I just heard your phone call with a woman who was complaining about all she had to do for her 2 1/2-year-old daughter after working all day. You read her the riot act and rightfully so. This hit me particularly hard in light of where I am in my journey as Mom. This past Friday night, I watched my 17-year-old son play his last football game. He is a senior and will be graduating next June. My heart broke as I realized this was just the first of the “lasts” we will experience with him this bittersweet year. You see, I have considered it an honor and a privilege to be my kids’ mom.
I have 2 beautiful young men for sons, senior and a freshman in high school. I hear you chastise people occasionally for saying that their kids are beautiful. But mine really are. They are not just beautiful physically, although they are both very handsome, but they are genuinely beautiful human beings…smart, responsible, kind, generous, loving, hard working and funny. I often receive compliments about the kind of young men they are. I don’t take full credit for who they have turned out to be. I have a wonderful husband who has been a devoted and involved father. They have 2 sets of loving and interested grandparents, aunts and uncles, great teachers and coaches, and a church family. There have been many fine people who have invested in them. But the number one factor I believe that has helped shape who they are is that I was there.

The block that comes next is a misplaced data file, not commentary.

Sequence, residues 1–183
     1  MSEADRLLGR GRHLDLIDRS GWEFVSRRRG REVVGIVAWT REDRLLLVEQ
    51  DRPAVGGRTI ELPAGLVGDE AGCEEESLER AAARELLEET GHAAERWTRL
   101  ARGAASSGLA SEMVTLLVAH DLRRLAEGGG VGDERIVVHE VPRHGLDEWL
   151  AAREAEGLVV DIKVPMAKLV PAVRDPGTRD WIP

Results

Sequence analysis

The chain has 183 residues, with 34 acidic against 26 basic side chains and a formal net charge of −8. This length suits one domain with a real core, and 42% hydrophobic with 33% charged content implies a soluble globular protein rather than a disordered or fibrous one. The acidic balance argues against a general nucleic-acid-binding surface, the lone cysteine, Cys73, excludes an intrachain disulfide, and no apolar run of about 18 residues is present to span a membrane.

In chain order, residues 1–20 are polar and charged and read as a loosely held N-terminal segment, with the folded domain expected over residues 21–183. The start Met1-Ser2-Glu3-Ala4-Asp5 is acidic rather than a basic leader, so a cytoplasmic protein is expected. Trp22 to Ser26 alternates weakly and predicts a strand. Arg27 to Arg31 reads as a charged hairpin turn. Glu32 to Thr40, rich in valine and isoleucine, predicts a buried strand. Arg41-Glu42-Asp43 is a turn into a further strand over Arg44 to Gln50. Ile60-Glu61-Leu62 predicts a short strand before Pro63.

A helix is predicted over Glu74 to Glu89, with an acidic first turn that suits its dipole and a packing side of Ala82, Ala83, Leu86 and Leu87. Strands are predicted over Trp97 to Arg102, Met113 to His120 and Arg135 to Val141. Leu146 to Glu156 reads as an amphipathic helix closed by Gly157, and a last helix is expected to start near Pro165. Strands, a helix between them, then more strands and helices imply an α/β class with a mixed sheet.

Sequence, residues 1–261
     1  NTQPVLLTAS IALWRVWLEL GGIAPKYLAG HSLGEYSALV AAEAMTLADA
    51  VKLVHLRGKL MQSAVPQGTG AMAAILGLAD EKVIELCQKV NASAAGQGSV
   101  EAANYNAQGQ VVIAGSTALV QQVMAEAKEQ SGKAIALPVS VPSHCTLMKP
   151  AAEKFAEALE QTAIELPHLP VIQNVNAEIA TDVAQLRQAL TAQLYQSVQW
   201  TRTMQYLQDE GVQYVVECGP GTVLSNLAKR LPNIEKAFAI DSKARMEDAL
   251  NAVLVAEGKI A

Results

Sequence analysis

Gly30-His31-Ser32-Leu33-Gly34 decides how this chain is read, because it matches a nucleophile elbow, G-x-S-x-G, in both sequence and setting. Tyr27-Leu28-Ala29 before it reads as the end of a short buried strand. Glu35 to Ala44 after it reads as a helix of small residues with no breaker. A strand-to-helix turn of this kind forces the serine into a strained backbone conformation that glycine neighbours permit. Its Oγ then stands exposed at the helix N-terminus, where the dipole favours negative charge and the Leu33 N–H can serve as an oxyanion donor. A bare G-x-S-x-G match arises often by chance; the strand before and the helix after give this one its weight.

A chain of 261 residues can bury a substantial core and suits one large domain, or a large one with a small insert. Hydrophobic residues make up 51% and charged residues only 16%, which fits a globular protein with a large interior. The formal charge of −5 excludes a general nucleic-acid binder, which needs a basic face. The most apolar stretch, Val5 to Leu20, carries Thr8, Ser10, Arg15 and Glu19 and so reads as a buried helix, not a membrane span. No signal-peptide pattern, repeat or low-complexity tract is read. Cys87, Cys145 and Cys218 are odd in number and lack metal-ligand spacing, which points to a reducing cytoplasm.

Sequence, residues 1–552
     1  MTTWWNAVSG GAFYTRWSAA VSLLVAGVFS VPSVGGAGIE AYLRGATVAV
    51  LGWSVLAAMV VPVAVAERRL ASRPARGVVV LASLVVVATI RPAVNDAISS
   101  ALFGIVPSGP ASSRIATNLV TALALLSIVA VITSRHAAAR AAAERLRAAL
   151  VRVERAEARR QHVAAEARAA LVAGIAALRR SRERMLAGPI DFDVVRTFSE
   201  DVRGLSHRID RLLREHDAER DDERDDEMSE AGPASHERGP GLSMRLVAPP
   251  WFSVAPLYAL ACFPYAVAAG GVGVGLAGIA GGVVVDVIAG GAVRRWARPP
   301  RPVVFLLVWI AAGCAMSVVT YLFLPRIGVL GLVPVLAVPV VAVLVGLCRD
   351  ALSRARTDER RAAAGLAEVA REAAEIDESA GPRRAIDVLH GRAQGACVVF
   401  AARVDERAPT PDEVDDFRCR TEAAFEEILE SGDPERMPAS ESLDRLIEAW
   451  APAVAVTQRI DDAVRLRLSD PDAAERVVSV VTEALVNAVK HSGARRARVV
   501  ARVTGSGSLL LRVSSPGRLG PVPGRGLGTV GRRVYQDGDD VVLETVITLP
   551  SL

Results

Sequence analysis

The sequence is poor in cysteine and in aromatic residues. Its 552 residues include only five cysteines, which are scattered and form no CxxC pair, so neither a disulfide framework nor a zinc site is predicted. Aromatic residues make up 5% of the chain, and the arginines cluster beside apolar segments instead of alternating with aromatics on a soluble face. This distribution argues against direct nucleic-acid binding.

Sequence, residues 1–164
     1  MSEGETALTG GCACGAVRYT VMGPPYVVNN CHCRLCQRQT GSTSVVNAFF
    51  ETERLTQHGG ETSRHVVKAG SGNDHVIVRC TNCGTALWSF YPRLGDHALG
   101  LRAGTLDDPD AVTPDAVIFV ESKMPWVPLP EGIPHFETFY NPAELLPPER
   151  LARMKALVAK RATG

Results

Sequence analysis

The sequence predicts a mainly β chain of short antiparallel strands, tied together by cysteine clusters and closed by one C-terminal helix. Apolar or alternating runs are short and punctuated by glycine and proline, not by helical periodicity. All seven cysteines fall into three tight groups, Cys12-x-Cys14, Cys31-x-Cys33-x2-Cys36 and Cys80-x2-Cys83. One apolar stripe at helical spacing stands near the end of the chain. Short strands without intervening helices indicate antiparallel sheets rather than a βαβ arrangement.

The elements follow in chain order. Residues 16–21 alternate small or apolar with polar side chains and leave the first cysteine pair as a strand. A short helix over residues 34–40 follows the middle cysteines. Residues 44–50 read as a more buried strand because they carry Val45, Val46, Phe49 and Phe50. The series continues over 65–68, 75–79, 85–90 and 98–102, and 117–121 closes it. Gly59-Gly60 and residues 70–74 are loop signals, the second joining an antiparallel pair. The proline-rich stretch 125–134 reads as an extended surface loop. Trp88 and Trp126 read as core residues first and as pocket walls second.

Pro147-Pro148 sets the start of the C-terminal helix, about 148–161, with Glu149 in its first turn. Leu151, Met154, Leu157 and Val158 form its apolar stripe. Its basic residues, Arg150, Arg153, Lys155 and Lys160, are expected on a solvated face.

I worked the first 18 months of my oldest son’s life and it was the most miserable time of my life. I always thought I would be the high-powered career woman, but when I saw that amazing, fat little boy, I wanted to be near him all the time. We figured out a way that I could be at home with him and his little brother when he came along. I took them to the park, taught them to play football and baseball in the front yard, watched them ride bikes and climb trees with their friends. We did art projects and baked at Christmas time. When it came time for them to go to school, I volunteered at the school. I knew all of their teachers by face and name even in high school and when things weren’t right at the school, I made noise until they were fixed. Their dad coached their youth sports teams and was their Boy Scout leader. We taught Sunday School. We were not helicopter parents though. We taught them life lessons and let them earn their own way. But we were there for them. In a nutshell, while my husband and I love each other and spent time away from the kids periodically, we made raising our children our first priority. It was a sacrifice sometimes, but it was worth it. The first will be gone in a few months. The second will go not too long after that. My heart is breaking. I will enjoy the time my husband and I will have together to enjoy each other and our own pursuits, but nothing I have ever done, or will ever do, will compare to the honor I have had to be a mom.